Interview with Peer Stein: Index Insurance Is For Farmers What Credit Scoring Was For Consumer and Small Bank Lending

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Is index insurance poised for a great leap forward similar to the rapid growth experienced by microfinance and credit bureaus in the 1990s?

Index insurance clearly holds a lot of promise to help unlock productivity gains and protect farmers all around the world. Index insurance is for insuring farmers, MSMEs and individuals what credit scoring was for consumer and small business lending - a huge opportunity to make financial services much more widely available at lower cost by using smart analytics and data. In this sense, index insurance may be even more promising than microcredit because the underlying business model is inherently scalable and less demanding in terms of client interaction than microfinance. Index insurance is also an important missing piece of the microfinance risk management strategy.

What are the main constraints to the growth of index insurance markets in developing countries? Price? Lack of historical weather data? Design? Distribution?

As for any insurance product, distribution is key. Finding and being able to work with the right aggregators, and building smart distribution channels that leverage technology, will be critical to its success because the objective in the agriculture space is to reach millions of small farmers in rural areas. Index insurance should take advantage of the growth in mobile banking, leveraging among others distribution partnerships with mobile telecommunications companies.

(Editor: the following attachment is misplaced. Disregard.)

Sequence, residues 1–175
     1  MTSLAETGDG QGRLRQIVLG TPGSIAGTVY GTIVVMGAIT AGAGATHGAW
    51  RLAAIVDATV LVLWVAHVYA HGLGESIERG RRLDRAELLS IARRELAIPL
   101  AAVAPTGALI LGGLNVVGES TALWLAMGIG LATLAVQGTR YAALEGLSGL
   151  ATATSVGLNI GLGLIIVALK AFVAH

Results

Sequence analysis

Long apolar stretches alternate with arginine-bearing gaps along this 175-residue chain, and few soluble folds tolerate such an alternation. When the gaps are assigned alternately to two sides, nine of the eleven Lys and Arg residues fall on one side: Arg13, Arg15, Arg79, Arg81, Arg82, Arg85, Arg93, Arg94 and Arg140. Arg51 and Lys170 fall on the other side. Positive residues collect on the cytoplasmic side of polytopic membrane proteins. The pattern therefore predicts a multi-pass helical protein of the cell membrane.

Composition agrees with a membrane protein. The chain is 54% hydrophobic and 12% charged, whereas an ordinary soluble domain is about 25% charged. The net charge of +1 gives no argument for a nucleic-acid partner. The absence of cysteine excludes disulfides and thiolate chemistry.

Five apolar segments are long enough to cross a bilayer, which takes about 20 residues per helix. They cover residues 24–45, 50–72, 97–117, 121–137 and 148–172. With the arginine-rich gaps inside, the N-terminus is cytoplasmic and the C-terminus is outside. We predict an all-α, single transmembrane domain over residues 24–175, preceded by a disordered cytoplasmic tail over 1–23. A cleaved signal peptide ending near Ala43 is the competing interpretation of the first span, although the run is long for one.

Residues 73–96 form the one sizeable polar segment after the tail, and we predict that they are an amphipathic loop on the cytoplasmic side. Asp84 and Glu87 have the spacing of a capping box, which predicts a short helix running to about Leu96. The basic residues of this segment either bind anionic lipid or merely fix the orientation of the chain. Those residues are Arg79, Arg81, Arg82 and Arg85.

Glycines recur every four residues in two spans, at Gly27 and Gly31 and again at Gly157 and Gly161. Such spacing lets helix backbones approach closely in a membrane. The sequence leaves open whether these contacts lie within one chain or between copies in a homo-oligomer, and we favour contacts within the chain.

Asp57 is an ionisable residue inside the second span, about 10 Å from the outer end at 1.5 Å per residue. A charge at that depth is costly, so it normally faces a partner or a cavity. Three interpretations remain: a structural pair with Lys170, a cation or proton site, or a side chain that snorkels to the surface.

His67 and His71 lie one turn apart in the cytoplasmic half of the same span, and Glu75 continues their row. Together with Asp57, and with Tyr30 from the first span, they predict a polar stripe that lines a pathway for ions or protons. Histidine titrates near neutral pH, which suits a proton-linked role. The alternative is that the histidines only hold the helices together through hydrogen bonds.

Data is just as important as distribution. For index insurance to work, product design requires data. Lots of it. And that is truly the main constraint for emerging markets. Similar to the constraints we see in introducing low-cost lending technologies using credit scoring for developing markets - which rely heavily on data available through credit bureaus in particular - the adaptation of index-based insurance for farmers relies heavily on the availability of rainfall and moisture data, historical yield data, and soil type data.

How can IFC ensure that sustainable markets for index insurance succeed in developing countries?

It will require time and effort to develop the required data infrastructure in emerging markets. Similar to the efforts building credit bureaus and movable collateral registries for small business lending to be possible at low cost and scale, index insurance will require significant investments in the data infrastructure, including weather stations and satellite data, typically under the stewardship or close involvement of national meteorological departments. Investments in data infrastructure will have to be complemented by efforts to build markets for index- based insurance and ensure that companies serving small farmers and other low income beneficiaries in developing countries will be viable in the long run.